Marines in World War II Commemorative Series
Basic Racial Policy
Change Comes to the Marine Corps
Face-to-Face with Segregation
Starting from Scratch
Building the 51st Defense Battalion
The 51st Battalion at War
The 52nd Defense Battalion
Combat Service Support
Seizing the Marianas Islands, Sapain, Tinian, and Guam
Peleliu and Iwo Jima
Okinawa, Japan, and China
Returning Home
Pride Mixed with Bitterness
The 'Great White Father'
Gilbert H. Johnson
Edgar R. Huff
Special Subjects
African-Americans and the Marines
The Stewards' Branch
The Death March
The Route West
Mop-up on Guam
The Third Battle of Guam
Unfinished Business

THE RIGHT TO FIGHT: African-American Marines in World War II
by Bernard C. Nalty

Seizing the Mariana Islands Saipan, Tinian, and Guam

On D-Day, 15 June 1944, the depot companies saw action at Saipan, manhandling cargo from ships' holds into landing craft and finally distributing the supplies among the combat units. The 18th and 20th Marine Depot Companies landed with the 4th Marine Division on D-Day, while 19th company was going ashore with the 2d Marine Division. Attached to the 3d Battalion, 23d Marines, 4th Marine Division, one platoon of the 18th Company arrived at its assigned beach about two and one-half hours after the first wave. A mortar shell wounded four men of the depot company, who had to be evacuated for emergency treatment offshore, but the others kept moving inland. One squad fought as infantry to reinforce a thinly held line about a hundred yards from the water's edge. The next morning, the bulk of the company helped eliminate Japanese infiltrators who had penetrated along the boundary between the 23d Marines and the 8th Marines of the adjacent 2d Marine Division.

When the immediate threat had passed, the 18th Depot Company resumed its normal duties, "standing waist deep in surf unloading boats as vital supplies of food and water were brought in." In addition, said the unit commander, Captain William M. Barr, the black Marines "set up 'security' to keep out snipers as they helped load casualties aboard boats to go on hospital ships." In the face of intense fire, they "rode guard on trucks carrying high octane gasoline from the beach," and one squad leader killed a Japanese infiltrator who crept by night into a neighboring foxhole.

Another Marine Depot Company, the 20th, landed in the fourth wave in support of the 1st Battalion, 25th Marines, 4th Marine Division. In the words of Captain William C. Adams, the company commander, "all hell was breaking when we came in. It was still touch and go when we hit shore, and it took some time to establish a foothold." The captain's orderly, Private Kenneth J. Tibbs, suffered fatal wounds and died that very day, becoming the first African American Marine killed in combat during the war. The remaining Marine depot company assigned to the operation, the 19th, supported the 2d Marine Division but did not come ashore until 22 June, one week after D-Day, and incurred no casualties.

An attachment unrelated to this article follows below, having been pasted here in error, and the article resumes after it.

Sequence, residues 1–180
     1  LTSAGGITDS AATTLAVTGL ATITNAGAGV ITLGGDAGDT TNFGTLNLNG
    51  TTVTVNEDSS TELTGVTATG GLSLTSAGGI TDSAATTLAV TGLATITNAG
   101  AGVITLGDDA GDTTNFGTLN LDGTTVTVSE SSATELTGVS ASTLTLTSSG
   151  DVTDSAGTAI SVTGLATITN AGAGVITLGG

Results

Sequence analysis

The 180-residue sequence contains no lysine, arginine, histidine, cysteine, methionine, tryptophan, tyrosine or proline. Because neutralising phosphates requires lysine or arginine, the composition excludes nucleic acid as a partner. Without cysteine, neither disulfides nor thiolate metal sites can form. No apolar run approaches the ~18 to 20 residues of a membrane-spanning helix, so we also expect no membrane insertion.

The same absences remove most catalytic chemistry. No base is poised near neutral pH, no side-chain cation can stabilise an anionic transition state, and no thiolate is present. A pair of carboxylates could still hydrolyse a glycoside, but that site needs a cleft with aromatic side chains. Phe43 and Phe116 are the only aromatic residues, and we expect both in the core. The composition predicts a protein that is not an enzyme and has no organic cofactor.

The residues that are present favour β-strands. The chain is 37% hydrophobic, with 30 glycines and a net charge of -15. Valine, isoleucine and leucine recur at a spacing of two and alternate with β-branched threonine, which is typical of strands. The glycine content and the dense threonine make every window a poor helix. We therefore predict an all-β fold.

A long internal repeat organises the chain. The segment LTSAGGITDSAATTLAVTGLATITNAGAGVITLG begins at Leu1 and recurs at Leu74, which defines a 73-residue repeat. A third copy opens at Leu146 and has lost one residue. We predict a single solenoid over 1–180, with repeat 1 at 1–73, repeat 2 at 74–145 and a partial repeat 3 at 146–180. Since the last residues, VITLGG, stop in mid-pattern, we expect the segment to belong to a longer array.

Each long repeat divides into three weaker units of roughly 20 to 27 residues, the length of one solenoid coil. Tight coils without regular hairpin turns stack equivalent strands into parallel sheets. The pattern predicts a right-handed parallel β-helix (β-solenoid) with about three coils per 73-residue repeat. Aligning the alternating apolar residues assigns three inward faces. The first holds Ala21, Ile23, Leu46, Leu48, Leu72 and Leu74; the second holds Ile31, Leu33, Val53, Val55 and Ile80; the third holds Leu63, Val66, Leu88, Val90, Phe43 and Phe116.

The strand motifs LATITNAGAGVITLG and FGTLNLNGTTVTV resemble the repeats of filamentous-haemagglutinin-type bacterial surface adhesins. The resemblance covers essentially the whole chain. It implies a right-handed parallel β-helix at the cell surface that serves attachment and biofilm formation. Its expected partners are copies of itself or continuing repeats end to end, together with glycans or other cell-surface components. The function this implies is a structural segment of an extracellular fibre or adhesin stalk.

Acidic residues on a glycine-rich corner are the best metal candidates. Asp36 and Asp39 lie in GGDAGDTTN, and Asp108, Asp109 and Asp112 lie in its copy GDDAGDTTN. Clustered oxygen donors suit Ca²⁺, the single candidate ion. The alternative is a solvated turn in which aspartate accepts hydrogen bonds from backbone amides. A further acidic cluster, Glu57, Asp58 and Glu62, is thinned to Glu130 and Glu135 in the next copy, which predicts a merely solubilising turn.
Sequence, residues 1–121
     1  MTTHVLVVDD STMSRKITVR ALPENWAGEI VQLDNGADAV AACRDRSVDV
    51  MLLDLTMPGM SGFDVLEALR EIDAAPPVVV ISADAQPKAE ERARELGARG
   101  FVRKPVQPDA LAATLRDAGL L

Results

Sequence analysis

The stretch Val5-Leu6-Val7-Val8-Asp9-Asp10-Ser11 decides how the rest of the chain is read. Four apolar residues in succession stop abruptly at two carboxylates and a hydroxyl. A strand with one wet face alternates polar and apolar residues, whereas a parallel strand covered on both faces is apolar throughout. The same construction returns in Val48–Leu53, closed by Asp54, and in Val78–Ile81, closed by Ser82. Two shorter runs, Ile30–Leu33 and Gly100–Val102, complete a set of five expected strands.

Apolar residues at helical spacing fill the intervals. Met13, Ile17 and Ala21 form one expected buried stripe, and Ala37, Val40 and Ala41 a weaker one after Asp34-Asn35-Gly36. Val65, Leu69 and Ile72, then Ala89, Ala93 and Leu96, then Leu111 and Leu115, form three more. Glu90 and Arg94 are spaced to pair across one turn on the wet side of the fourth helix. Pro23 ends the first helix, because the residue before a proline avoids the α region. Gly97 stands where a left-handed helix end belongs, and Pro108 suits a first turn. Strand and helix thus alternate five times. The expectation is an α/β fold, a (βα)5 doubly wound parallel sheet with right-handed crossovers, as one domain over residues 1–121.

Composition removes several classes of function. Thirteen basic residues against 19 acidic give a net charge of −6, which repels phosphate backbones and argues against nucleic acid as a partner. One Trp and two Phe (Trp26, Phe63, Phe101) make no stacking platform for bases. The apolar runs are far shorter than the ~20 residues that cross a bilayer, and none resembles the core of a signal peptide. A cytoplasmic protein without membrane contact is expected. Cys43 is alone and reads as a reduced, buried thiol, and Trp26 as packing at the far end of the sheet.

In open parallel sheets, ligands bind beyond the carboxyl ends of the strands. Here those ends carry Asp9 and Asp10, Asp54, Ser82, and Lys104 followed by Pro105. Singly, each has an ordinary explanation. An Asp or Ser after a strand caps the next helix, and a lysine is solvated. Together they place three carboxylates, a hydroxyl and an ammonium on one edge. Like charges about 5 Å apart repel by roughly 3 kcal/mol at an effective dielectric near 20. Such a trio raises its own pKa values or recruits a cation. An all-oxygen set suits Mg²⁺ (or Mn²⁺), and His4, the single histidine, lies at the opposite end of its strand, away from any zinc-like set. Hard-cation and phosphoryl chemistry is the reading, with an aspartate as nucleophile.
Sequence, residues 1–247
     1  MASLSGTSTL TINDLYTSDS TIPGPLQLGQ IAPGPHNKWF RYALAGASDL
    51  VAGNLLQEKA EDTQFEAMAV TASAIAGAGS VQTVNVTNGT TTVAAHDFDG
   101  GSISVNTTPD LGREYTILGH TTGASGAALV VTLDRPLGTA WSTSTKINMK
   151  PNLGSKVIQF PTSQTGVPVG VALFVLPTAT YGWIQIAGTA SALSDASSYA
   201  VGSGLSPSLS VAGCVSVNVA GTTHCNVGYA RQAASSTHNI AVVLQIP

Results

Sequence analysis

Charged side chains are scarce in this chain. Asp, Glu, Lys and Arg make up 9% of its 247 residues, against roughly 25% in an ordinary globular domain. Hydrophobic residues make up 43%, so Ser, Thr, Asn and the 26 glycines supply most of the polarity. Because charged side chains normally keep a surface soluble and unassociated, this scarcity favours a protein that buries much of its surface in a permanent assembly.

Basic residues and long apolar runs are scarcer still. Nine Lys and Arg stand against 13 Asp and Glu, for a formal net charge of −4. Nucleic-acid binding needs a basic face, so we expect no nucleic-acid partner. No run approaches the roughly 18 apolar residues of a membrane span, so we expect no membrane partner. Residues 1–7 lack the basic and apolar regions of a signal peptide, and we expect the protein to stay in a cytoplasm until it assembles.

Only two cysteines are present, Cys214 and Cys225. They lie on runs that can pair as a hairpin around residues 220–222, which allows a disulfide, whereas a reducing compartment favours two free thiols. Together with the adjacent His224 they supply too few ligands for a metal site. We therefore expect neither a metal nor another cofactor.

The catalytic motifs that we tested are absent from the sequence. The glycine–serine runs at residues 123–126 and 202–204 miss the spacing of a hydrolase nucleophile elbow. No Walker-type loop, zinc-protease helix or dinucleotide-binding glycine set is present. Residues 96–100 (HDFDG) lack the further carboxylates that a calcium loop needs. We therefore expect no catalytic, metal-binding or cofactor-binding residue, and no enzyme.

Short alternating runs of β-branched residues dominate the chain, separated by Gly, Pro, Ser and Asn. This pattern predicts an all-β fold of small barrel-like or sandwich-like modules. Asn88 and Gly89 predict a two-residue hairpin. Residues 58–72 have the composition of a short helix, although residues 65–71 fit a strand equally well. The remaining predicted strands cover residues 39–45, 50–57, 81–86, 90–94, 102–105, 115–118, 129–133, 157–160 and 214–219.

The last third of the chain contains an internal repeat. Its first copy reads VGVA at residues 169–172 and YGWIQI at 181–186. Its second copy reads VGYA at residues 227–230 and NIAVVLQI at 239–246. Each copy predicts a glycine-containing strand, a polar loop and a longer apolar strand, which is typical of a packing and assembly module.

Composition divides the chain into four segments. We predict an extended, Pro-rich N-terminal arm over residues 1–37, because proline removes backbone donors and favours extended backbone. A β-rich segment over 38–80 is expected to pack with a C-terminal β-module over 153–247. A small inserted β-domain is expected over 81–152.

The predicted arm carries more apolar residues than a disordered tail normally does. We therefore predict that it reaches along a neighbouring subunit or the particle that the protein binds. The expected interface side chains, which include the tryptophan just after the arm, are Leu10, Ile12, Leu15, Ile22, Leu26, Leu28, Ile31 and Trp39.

During the D-Day landings at Saipan, while the depot companies underwent their baptism of fire, the 3d Marine Ammunition Company performed three closely related functions. As Sergeant Ernest W. Coney remembered that morning, some of the men helped move ammunition from ships into landing craft, and others worked on the pontoon barges, lashed to the sides of LSTs during the voyage from Hawaii and now moored on the ocean side of the reef, where they transferred the ammunition to DUKW amphibious trucks or LVT amphibian tractors for the final trip to shore. The rest of the company, Coney included, boarded landing craft to join the assault troops carving out a beachhead. Since the boats could not cross the reef, the Marines shifted to amphibian tractors which clawed their way onto the beach at about 1400, as Japanese shells tore up the sand. "One team had an amphibian tractor shot out from under it as it was being unloaded," Coney reported, but "miraculously, all the men escaped without injury." Later that afternoon, Japanese fire cut down Private First Class Leroy Seals, who on the following day died of his wounds. On the night of 15 June, the black Marines of the ammunition company used their weapons to help beat back a Japanese counterattack, in the process silencing an enemy machine gun.

On Saipan, the black Leathernecks demonstrated they had earned the right to fight alongside their white fellow Marines. The accomplishments of the combat service support companies, reported the post newspaper at Camp Lejeune, so impressed the Commandant of the Marine Corps, Lieutenant General Alexander A. Vandegrift — who had replaced Holcomb on 1 January 1944 — that he declared: "The Negro Marines are no longer on trial. They are Marines, period." Time's war correspondent in the Central Pacific, Robert Sherrod, wrote: "The Negro Marines, under fire for the first time, have rated a universal 4.0 on Saipan." In other words, they had earned the Navy's highest possible rating.